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Loma is made up of Shearwater singer Jonathan Meiburg (from left) and Cross Record members Emily Cross and Dan Duszynski.

Emily Cross knows the power of death.

As the collaboration between her band, Cross Record, and Shearwater’s Jonathan Meiburg bore fruit, her relationship with her bandmate and husband, Dan Duszynski, wilted.

Loma was born on the road. “Basically, it was Jonathan’s idea,” Cross said. “He thought that we were cool, and we thought that he was cool, and we thought we would make great music. ... It’s turned out way better than any of us expected it to.”

The self-titled album’s 10 songs wend through an eerie haze adorned with found sounds and experiments. On “Sundogs,” for example, Cross’s dogs perform a “solo” of sorts. It’s also easy to get lost in the music, even for Cross.

“The music is a little hypnotic, and I have forgotten to start my line a couple of times,” she admitted with a laugh.

Through Meiburg’s lyrics, Cross strives to find meaning and love. “I don’t want children,” she sings on one track. “Even though if I did, I would want them from you.”

A happy accident helped her become a “character” who sang someone else’s words. At some point, the pitch of her voice was accidentally lowered on a recording, but this new sound would form the backbone of the record.

That spirit followed the band as it decamped to write and record in Dripping Springs, Texas, where Duszynski lives. There were no assigned roles, Cross said, and each person drifted to an instrument or an idea when the feeling struck them, which was familiar terrain for Cross Record.

“We felt this freedom to do whatever we wanted at the time,” Cross said while riding to tour rehearsals with Meiburg and Shearwater’s Emily Lee. “At any moment, any one of us could do anything, sort of like using a Ouija board,” Meiburg adds over the phone.

“It was unimportant who was better at what instrument,” Cross said, though both she and Meiburg pointed out that Duszynski can play circles around them on drums. “I think I played drums on one song, didn’t I?” Cross asked Meiburg. She reported back with a laugh: “Oh, I didn’t make the cut.”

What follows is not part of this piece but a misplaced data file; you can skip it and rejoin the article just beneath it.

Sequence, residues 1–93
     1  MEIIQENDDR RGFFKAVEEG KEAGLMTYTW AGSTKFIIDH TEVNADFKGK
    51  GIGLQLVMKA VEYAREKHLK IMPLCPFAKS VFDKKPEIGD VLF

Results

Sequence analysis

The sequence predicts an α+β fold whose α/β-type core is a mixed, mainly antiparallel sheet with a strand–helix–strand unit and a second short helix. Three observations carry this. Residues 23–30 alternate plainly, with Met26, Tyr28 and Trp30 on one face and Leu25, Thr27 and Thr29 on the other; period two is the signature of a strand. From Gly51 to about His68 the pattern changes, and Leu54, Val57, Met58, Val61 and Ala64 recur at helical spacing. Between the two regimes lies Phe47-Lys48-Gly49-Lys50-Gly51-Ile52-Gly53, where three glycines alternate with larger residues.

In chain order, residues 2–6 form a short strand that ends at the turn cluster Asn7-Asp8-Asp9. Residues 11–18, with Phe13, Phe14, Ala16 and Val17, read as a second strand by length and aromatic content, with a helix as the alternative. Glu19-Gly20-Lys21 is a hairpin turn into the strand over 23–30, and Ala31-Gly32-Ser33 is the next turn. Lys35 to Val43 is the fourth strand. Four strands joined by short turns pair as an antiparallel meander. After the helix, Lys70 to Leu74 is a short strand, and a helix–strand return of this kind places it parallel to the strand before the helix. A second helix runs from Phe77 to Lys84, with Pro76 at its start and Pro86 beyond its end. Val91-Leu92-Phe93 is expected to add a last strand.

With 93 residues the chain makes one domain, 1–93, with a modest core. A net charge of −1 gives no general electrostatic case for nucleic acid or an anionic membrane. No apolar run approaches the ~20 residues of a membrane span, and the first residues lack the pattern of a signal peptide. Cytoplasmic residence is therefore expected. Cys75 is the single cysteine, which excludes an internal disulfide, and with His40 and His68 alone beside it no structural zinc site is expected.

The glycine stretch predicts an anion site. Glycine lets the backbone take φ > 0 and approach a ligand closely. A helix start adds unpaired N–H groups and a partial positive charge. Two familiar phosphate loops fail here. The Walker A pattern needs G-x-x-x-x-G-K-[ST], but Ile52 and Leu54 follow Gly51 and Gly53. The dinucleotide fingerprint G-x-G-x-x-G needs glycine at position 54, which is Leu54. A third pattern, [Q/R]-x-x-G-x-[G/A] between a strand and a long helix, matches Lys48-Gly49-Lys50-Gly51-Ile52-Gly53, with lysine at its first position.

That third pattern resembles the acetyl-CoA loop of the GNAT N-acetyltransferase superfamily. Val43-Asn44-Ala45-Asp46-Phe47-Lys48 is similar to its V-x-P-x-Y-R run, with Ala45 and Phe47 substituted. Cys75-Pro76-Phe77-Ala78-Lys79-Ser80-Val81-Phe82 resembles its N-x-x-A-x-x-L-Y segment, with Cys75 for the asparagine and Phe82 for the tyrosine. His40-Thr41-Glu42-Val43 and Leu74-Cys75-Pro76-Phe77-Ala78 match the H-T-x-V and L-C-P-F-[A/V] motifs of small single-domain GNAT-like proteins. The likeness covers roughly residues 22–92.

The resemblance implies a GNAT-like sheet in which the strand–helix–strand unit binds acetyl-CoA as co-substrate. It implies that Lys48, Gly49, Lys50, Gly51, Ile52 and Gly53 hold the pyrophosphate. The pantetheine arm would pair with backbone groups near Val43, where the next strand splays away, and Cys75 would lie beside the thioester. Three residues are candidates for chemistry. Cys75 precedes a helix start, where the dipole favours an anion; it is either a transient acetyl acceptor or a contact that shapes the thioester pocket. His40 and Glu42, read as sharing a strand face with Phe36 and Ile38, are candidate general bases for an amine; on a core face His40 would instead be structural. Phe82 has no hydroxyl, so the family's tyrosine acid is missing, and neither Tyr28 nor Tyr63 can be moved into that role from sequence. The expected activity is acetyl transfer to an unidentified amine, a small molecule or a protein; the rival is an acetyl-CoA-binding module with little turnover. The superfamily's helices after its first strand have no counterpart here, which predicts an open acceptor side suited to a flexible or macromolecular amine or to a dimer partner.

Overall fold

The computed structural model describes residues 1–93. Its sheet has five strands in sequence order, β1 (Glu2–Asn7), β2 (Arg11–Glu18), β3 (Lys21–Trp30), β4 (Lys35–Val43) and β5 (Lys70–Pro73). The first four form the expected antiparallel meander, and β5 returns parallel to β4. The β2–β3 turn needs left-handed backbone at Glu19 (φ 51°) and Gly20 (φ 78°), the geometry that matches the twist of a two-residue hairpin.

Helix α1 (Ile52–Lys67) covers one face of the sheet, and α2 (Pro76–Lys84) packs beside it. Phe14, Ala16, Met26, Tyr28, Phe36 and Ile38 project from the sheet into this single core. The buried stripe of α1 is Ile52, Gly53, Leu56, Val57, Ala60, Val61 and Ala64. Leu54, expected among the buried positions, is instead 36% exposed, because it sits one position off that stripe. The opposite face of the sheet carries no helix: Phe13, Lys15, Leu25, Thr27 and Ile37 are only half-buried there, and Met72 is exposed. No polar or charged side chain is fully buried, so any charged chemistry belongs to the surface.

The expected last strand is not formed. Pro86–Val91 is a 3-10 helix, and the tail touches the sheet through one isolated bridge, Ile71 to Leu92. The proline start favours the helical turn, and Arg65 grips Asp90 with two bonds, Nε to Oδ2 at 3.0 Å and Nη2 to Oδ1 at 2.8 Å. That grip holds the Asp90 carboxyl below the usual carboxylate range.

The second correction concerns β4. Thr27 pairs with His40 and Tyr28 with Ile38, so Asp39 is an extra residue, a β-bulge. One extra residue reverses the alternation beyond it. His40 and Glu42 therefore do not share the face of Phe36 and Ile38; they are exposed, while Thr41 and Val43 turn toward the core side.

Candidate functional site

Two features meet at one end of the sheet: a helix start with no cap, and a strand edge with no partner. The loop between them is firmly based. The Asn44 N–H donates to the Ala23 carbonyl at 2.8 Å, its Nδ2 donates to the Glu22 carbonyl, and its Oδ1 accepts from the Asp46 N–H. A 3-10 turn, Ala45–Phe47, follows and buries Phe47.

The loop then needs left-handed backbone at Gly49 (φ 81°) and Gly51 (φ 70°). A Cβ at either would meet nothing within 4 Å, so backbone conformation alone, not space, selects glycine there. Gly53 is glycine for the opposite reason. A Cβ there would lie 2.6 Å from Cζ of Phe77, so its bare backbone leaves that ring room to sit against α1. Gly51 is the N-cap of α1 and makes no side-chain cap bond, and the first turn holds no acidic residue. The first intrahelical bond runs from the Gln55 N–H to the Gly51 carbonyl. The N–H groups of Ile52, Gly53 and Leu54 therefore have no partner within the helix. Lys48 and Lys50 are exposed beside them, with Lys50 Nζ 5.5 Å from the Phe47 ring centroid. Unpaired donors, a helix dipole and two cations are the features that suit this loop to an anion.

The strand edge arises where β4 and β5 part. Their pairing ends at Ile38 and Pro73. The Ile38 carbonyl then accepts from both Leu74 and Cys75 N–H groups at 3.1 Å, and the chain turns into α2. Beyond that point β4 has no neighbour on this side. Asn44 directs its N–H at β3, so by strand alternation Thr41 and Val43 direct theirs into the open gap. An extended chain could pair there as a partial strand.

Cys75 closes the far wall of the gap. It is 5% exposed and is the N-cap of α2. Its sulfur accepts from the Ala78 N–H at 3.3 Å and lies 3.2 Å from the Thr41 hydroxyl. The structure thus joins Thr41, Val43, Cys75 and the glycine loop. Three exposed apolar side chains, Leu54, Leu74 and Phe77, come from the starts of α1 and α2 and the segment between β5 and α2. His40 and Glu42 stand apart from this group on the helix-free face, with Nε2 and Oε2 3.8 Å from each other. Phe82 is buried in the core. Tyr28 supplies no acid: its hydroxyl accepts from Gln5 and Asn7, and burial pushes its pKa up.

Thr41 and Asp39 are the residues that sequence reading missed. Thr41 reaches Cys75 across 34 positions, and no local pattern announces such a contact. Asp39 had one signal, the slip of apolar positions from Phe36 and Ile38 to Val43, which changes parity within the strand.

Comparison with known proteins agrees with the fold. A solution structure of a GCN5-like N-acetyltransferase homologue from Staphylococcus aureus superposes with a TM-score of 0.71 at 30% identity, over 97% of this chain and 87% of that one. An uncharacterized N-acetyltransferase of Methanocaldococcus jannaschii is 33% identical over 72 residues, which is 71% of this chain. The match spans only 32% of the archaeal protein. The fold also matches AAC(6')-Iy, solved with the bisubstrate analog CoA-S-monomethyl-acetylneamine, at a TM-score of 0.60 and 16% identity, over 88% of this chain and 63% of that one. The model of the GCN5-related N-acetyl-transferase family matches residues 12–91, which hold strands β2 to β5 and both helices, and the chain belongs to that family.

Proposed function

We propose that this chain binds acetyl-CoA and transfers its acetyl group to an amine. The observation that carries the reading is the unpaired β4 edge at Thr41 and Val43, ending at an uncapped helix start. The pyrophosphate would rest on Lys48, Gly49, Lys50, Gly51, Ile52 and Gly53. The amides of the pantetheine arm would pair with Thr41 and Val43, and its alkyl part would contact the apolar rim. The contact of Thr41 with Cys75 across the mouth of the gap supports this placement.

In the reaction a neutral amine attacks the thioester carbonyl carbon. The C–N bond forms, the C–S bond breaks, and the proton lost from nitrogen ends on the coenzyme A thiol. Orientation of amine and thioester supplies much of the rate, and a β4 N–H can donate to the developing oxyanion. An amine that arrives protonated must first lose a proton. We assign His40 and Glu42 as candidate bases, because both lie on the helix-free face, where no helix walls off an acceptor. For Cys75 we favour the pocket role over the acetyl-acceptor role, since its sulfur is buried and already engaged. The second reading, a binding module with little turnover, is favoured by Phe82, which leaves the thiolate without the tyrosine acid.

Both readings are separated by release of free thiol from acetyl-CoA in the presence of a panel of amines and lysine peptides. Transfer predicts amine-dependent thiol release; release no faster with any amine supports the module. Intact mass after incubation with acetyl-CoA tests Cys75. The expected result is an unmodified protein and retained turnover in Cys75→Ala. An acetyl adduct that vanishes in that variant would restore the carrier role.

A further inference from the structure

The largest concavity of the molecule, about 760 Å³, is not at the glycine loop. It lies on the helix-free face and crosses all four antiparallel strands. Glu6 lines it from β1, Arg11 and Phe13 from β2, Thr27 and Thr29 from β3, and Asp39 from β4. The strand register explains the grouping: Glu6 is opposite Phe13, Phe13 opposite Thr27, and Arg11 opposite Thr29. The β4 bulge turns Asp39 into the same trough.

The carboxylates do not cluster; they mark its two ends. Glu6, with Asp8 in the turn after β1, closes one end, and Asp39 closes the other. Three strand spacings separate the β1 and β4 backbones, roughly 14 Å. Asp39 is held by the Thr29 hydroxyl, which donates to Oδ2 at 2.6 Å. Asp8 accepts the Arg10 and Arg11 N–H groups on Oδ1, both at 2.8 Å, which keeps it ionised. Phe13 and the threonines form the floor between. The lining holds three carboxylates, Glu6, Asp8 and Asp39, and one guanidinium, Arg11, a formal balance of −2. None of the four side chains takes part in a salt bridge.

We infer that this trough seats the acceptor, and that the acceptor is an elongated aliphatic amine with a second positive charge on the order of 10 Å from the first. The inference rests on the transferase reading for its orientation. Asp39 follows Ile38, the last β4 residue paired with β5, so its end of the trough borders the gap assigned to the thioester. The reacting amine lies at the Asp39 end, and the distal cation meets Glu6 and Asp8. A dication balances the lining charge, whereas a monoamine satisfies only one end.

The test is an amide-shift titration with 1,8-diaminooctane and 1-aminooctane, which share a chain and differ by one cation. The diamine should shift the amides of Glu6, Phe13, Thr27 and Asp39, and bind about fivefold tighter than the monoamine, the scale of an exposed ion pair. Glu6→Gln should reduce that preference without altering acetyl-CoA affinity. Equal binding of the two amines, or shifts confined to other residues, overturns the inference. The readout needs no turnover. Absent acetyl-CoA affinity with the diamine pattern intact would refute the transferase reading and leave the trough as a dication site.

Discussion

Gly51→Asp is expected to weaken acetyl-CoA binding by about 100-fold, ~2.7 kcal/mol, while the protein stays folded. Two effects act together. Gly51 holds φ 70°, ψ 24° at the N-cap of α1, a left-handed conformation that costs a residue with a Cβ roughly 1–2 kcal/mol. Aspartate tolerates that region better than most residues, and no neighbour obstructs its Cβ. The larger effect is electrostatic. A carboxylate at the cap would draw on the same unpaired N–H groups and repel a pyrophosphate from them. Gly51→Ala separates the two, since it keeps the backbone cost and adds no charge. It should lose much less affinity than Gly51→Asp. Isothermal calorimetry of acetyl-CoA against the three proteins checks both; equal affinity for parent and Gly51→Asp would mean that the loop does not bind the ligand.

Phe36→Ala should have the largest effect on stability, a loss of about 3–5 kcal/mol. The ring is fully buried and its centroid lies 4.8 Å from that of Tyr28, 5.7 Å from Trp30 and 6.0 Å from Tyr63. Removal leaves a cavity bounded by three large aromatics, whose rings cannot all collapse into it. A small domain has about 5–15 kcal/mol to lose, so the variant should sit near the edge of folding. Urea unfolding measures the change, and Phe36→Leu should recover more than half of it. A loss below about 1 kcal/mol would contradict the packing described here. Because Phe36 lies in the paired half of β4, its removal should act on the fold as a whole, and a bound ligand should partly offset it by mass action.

“Relay Runner” was one such case of addition by subtraction. At first, Cross was vehemently against it.

“I really hated it,” she said. “I was like, ‘What the hell is this song? Why are we doing this?” At that time, the song had a cascading piano part, pulsing bass and other sounds, which was “too much for me to handle right now,” she recalled. She then asked them to take out the piano. All of a sudden, things fell into place.

“That was cool to think it was going one way and totally remove what we thought was the backbone of the song and then it was better,” she said. “I’m still not sure how I feel about the song. It’s definitely unlike anything I would write.”

Cross would go on to film videos for “Relay Runner" and "Dark Oscillations." It provided a new experience, as she usually creates the audio and visual components for Cross Record songs simultaneously. “[A theme] seems often to pop in my head,” she said, “and I explore it in my journal and I rewrite it a billion times in different ways and eventually synthesize it into a vision of some sort.”

While the band members live in different parts of the country, Cross expects there to be a second Loma album if the tour goes well. “We really want to make more music together,” she said.

Cross hopes to release a third Cross Record album sometime next year, though Duszynski told NPR that he does not see himself being involved following their divorce.

Meiburg, who also studies birds, is writing a book, “A Most Remarkable Creature,” about the South American caracaras.

Meanwhile, Cross’s long-term goal is to focus on her work as a death doula.

“I’ve always been interested and fascinated by death,” she said, explaining she isn’t driven by personal tragedy but rather a desire to make the dying process “as beautiful as birth is.”

She operates a nonmedical practice, Steady Waves End of Life Services — named for a Cross Record song — in Austin, where she helps families work their way through their emotions and the paperwork associated with death. She also tries to engage younger people. One way is through a “living funeral,” where each participant “dies,” is memorialized and then “comes back to life.”

“It one day will be my full-time job,” Cross said, “but right now, it’s a little hard to balance having clients and then meeting for tours.”

It might seem like an odd perspective for a musician. However, her art plays a role in the work Cross says she’s called to do, and her lyrics are “sometimes directly connected to my musings about death and how we deal with it.” The band’s even selling a “tour-exclusive guided meditation and instrumental album” called “The Rind in Your Mind.”

“There’s a pretty narrow scope of what’s offered for people who are dying,” she says. “… Sometimes you get the younger person who is terminally ill and their favorite music is Bob Dylan or Slash and they have different tastes in music and don’t want to hear harp music or a choir.”

What Cross can do then is “utilize my music community in Austin to help people who maybe want a music experience literally on their deathbed that’s not what’s traditionally offered for people that are dying.”

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